Time outside: more than its own reward?

October 12, 2016

In Shinrin Yoku, you simply immerse yourself in nature-- no hiking, no exercising, just being. 

Japanese officials spent $4 million dollars studying the mind and body affects of this "eco-therapy." Qing Li, a professor in Tokyo, examined the amount of human natural killer (NK) cells in each participants immune system before and after exposure to forest bathing. These cells respond to viral-infected cells and cancer-formation cells creating healthy immune systems. The results showed an increase in NK cell activity following participants activity in forest-bathing. This is due to the essential oils found in wood and plants, referred to as phytoncide. This oil is secreted from trees and other plants to naturally protect themselves from germs and other predators. When surrounded by trees and other plants in a forest, Phytoncide is breathed in and shown to positively boost your immune system.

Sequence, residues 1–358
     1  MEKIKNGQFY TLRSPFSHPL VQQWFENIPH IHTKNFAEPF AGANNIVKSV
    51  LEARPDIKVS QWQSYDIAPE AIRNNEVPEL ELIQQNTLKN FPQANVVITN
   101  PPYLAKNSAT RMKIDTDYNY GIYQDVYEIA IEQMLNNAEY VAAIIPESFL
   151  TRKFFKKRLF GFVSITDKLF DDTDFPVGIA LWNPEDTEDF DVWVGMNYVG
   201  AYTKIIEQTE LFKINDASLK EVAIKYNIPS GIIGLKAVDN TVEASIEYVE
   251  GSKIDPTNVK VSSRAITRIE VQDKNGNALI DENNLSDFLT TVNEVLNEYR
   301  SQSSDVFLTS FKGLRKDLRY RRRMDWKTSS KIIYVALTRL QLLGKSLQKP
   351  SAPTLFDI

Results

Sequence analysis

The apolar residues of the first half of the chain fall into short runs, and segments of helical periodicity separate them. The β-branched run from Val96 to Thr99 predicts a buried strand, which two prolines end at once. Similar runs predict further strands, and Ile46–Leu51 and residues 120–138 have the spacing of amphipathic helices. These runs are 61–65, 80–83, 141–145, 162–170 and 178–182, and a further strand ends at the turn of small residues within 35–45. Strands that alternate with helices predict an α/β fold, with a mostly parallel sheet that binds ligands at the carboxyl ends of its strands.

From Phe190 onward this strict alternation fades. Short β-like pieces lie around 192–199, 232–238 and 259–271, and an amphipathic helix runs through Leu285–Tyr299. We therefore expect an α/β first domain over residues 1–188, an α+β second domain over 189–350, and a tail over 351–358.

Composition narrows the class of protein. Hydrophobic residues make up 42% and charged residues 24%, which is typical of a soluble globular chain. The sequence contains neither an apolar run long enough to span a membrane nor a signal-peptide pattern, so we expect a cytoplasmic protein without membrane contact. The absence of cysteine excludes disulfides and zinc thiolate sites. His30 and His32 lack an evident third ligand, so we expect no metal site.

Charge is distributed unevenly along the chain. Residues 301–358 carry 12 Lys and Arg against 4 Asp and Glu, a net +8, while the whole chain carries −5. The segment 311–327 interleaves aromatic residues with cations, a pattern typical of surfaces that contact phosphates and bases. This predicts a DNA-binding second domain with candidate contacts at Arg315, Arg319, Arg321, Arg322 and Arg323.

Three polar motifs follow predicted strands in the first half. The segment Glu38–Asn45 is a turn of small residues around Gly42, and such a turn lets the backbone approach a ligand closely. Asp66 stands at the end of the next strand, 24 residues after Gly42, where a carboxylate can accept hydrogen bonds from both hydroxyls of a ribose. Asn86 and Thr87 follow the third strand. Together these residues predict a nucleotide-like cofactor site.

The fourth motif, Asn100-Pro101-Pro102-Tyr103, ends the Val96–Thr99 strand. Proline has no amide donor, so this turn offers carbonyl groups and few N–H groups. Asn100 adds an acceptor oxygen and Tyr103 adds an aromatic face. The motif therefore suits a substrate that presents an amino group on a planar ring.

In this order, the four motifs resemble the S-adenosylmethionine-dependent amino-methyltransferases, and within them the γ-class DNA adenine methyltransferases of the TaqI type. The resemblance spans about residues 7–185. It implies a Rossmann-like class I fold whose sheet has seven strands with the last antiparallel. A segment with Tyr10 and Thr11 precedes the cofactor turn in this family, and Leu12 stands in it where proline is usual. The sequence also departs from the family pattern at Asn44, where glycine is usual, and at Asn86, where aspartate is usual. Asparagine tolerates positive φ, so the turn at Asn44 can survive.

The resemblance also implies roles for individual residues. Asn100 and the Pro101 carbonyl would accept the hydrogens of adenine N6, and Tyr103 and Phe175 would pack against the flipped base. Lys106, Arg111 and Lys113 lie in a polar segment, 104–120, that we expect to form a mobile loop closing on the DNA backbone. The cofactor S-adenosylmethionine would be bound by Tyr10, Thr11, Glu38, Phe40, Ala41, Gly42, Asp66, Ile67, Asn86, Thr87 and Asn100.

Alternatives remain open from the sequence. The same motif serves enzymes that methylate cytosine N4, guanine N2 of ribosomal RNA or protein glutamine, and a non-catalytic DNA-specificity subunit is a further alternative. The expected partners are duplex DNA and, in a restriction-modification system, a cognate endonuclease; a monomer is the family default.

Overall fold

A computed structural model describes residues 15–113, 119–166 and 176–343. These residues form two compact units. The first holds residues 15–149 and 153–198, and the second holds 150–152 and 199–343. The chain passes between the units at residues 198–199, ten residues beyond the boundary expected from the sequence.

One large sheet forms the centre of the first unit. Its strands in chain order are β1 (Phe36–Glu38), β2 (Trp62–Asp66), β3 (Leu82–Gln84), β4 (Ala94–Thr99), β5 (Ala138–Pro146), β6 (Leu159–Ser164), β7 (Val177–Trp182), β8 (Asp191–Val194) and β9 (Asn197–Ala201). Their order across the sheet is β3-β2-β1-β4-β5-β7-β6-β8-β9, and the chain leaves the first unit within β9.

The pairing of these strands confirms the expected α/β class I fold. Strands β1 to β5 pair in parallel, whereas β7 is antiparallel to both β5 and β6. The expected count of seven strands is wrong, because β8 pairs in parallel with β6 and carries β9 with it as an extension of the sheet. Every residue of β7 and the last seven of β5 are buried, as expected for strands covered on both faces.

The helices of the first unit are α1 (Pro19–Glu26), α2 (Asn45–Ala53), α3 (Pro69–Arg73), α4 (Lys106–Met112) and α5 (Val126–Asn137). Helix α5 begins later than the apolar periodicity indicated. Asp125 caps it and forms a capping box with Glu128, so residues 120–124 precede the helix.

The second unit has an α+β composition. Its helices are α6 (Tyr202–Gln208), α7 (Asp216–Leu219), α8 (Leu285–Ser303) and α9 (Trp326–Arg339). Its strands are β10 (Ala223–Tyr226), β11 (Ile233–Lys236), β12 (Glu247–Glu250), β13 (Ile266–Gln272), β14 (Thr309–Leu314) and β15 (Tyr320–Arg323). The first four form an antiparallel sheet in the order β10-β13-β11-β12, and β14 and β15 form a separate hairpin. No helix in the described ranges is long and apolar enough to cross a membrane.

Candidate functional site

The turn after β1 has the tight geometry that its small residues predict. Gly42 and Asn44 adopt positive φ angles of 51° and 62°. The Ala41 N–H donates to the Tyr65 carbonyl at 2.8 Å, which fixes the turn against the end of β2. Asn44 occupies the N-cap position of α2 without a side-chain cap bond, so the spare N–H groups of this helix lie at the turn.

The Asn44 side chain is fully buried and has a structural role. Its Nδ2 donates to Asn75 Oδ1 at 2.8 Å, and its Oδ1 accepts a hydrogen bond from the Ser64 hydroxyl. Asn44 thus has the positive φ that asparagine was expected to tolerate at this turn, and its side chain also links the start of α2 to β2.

A related study in Japan's Chiba University found that stress cortisol levels, heart rate, and blood pressure were all positively affected by forest-bathing as compared to time spent in city landscapes.

In addition, forest-bathing has been proven to soothe the mind and spirit, as well as the body. 498 healthy volunteers were surveyed twice before and twice after their experience forest-bathing and showed as result, reduced scores in hostility and depression and heightened levels of liveliness. 

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